One of the most noticeable features of the novel is its terse style, which maintains a constant mood of suspense throughout. The reader has no authority upon which to rely but the narrator’s, and because his motives are ambiguous and undefined, one finds oneself doubting the veracity of his statements. Might it be possible that the island and its inhabitants do not exist, and the invention is the narrative itself? Like many South American writers of the period, Bioy Casares delighted in exploiting the indeterminate status of the writer in his fiction. Who, he asks, is controlling what happens in the novel; is it Morel, the narrator, or the author?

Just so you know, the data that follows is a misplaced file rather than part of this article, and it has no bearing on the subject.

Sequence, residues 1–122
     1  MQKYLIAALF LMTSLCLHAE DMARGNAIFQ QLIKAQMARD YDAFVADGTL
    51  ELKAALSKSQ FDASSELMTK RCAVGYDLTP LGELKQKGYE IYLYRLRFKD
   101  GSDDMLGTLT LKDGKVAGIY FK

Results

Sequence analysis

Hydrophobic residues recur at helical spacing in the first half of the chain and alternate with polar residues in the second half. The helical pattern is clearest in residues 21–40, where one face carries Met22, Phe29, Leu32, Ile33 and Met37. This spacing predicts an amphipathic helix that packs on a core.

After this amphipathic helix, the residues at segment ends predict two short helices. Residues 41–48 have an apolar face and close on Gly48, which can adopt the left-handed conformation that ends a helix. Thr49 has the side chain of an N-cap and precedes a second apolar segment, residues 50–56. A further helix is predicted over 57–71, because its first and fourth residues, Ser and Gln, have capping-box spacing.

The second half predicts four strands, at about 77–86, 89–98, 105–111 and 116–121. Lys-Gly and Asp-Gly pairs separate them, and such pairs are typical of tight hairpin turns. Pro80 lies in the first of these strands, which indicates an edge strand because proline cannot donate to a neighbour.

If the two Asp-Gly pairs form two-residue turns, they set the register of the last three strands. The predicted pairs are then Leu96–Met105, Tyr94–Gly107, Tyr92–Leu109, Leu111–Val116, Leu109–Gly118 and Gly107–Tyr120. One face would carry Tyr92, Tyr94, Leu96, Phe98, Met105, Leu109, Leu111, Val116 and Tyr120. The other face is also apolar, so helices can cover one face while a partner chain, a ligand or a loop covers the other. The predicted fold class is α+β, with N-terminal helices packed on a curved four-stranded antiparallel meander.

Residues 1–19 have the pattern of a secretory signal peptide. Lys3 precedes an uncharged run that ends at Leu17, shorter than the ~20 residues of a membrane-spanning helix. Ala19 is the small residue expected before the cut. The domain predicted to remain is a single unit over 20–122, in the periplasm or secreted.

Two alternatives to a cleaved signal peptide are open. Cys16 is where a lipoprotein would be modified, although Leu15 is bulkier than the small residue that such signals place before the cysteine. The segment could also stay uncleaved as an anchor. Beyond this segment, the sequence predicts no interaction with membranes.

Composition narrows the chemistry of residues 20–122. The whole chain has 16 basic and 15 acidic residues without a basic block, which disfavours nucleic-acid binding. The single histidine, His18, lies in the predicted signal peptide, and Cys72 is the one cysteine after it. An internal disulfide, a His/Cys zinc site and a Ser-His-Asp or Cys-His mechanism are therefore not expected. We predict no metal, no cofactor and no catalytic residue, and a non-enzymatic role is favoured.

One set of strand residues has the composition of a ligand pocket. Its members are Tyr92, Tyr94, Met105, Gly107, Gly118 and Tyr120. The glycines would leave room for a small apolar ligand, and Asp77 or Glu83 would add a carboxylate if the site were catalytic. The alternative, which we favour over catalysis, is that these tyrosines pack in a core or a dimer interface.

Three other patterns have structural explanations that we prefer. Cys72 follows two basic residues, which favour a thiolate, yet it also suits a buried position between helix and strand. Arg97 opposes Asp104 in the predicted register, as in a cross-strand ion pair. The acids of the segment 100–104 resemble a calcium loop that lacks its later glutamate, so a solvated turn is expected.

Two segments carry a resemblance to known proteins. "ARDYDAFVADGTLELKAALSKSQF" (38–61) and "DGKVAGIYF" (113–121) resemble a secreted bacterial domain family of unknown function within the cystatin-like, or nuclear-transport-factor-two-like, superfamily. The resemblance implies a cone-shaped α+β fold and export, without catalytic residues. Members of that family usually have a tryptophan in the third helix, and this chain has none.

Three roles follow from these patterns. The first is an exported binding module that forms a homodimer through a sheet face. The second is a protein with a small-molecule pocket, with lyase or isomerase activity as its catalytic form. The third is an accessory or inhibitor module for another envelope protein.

Aside from drawing inspiration from the intricate plotting of those writers mentioned above, the novel has a very specific reference point in H. G. Wells’s The Island of Doctor Moreau. Both novels take the form of a found manuscript of questionable legitimacy and feature an island dominated by a strange personality engaged in hubristic activity. While the novel contains many elements of Wellsian science fiction, its eventual investigations and implications are of a more metaphysical than scientific nature. Doctor Moreau’s grotesque creations appear early in Wells’s narrative to create a sense of shock, and the novel can be read as a direct engagement with contemporary issues in Victorian science, such as vivisection. Bioy Casares adopts Wells’s framework but only allows Morel’s decidedly banal creations to reveal their dreadful nature at the novel’s climax, thus prompting his metaphysical enquiry about the nature of time, materiality, and immortality.